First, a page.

winnie the pooh china

Chinese government bans Winnie the Pooh for a strange reason

That friendly bear isn’t so well-liked by Chinese officials 

Small and tubby. A cute nose. An obsessive adoration for honey. What could Winnie the Pooh have possibly done to anger the Chinese Government?

News is circulating that Chinese authorities have blocked mentions of A. A. Milne’s lovable bear Winnie the Pooh on social networks. The charming but dim-witted fictional character may seem harmless to most (because he actually is), but to the Communist Party of China, he’s an online threat.

Although officials did not explain the clampdown on posts referring to Winnie the Pooh, images of the children’s book character have previously been used in memes comparing him to the Chinese president, Xi Jinping, to the dismay of the government. A little harmless fun taken way too seriously, perhaps.

As the country’s online activity is subjected to robust censorship, this latest move could signify a more extreme approach to tackling clever bloggers who work around the system. A trend swept the Chinese blogosphere back in 2013 when images of Winnie the Pooh began to circulate as a euphemism for communism and the president, and it continues to thrive today.

The first Winnie the Pooh references emerged after Xi met with former US president Barack Obama, prompting social media comedians to point out their difference in weight. A picture of chubby Pooh next to his thin friend Tigger was used alongside a picture of the pair, poking fun at the Chinese leader’s clearly indulgent appetite. Maybe it’s time to lay off the big meals and get to the gym, hey?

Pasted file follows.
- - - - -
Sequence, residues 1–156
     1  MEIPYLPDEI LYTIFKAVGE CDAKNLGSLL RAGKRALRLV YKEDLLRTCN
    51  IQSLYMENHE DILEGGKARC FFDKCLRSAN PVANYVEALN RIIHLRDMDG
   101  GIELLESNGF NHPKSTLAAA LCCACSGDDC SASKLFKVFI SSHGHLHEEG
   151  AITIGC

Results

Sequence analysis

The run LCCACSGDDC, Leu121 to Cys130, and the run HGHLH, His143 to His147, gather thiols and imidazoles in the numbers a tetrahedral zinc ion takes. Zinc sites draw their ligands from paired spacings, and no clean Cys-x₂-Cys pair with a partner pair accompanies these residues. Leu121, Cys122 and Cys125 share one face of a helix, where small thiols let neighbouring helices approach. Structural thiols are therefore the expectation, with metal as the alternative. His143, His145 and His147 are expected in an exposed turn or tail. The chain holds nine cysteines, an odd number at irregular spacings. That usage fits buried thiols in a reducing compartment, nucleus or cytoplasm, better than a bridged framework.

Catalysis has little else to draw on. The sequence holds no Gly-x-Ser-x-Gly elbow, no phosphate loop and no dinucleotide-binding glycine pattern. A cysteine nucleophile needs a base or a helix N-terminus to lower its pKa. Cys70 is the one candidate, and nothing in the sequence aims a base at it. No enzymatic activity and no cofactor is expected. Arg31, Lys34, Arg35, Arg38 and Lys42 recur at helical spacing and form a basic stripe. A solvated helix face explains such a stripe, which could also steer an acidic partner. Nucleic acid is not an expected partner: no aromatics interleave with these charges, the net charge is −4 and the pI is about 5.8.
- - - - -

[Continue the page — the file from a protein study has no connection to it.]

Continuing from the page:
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In 2014, Xi was pictured shaking hands with the Japanese prime minister, Shinzo Abe, once again equipping the keyboard commentators with ammunition for more, let’s face it, hilarious memes. This time, the world leaders were fictionalised as Pooh holding the hoof of his miserable friend Eeyore. Comedy gold.

And the following year, a political analysis group found that a photograph of Xi standing up through a roof in a car paired with an image of Pooh in a toy car was China’s most censored photo of 2015.

Humorous depictions of the president are not taken lightly, particularly as Xi is currently working to hold power in the lead-up to a crucial party congress later this year. Singing for his honey, if you will.


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